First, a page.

Re: OO versus RDB
Date: Sat, 01 Jul 2006 16:05:46 GMT
Responding to Marshall...
>>>>It breaks the query, but not the problem solution that needs the data.
>>>This sounds sensible, but isn't. Any schema-change breakage
>>>will affect both query and code. If a queried column is deleted,
>>>the query will need changing, but also the code has to reconsider
>>>what it will do in the absence of the column.
>>I'm afraid that is not true. Consider
>>[changing the name of an attribute]
> Sure, if the change is trivial (in that it has no associated
> change in semantics) it might not be the case that
> anything besides the query needs to change. You don't
> even need a view, just change "SELECT salary, ..."
> to "SELECT base_salary as salary, ..."
While trivial it does reflect a change to the client and any change to the client presents an opportunity for inserting a defect that will render the problem solution incorrect. My issues in this thread are change management and defect prevention on the client side. One way to address those issues is through modularization that decouples the data storage and access mechanisms from the problem solution logic. IOW, one wants to encapsulate things like SQL query construction away from the problem solution logic to ensure that at least some changes on the RDB side cannot affect the problem solution.
> What about adding a new attribute that the application code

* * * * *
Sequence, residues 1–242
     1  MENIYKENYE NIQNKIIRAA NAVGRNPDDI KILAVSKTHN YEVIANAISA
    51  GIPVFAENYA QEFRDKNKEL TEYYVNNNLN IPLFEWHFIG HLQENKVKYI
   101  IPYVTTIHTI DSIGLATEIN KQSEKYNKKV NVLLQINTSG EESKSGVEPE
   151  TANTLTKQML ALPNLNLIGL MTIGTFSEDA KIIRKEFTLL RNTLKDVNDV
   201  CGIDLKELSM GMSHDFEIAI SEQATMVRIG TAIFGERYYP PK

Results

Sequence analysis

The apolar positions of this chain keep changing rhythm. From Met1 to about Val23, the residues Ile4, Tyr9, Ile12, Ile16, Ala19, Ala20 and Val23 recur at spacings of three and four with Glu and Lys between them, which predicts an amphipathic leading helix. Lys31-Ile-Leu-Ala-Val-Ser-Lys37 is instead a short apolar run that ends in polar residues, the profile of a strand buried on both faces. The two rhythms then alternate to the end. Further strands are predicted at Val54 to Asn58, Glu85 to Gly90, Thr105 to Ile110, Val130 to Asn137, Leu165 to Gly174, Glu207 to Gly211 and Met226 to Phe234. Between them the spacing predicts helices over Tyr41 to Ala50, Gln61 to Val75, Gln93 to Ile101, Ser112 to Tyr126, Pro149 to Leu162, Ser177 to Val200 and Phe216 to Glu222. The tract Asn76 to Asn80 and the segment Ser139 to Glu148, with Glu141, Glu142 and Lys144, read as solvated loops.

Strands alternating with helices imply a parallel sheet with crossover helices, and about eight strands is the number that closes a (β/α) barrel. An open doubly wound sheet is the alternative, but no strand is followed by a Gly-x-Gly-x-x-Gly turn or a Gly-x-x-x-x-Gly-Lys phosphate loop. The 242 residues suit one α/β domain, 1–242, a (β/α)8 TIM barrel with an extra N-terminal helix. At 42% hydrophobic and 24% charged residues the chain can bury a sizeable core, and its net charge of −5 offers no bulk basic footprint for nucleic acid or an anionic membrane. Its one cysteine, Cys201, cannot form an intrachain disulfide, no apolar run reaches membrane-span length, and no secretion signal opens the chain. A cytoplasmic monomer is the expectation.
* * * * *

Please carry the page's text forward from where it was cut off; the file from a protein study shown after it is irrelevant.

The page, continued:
> needs to use? What about deleting an attribute that has
> no obvious default? What about moving an attribute to
> a different table such that its cardinality relative to the
> query changes?
In your first example, the application solution requirements would have to change for the solution to need a new attribute in the RDB schema. Similarly, deleting an attribute that the application needs would cause serious problems for the application solution. So these are examples of requirements changes that do affect both the solution logic and the schema.
The issue here is whether changes to the RDB schema are possible that do not affect the problem solution logic (i.e., it manipulates the same data in the same way before and after the schema change). Such changes would affect query construction code but not the problem solution code.
Your last example is one where the query breaks but not the solution logic (assuming the attribute semantics is not affected by the change in location). (I actually used a variant of that example responding to Bertilsson.)
There is nothing wrong with me that could not be cured by a capful of Drano.
H. S. Lahman
Pathfinder Solutions -- Put MDA to Work http://www.pathfindermda.com
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http://www.pathfindermda.com/about_us/careers_pos3.php. (888)OOA-PATH Received on Sat Jul 01 2006 - 18:05:46 CEST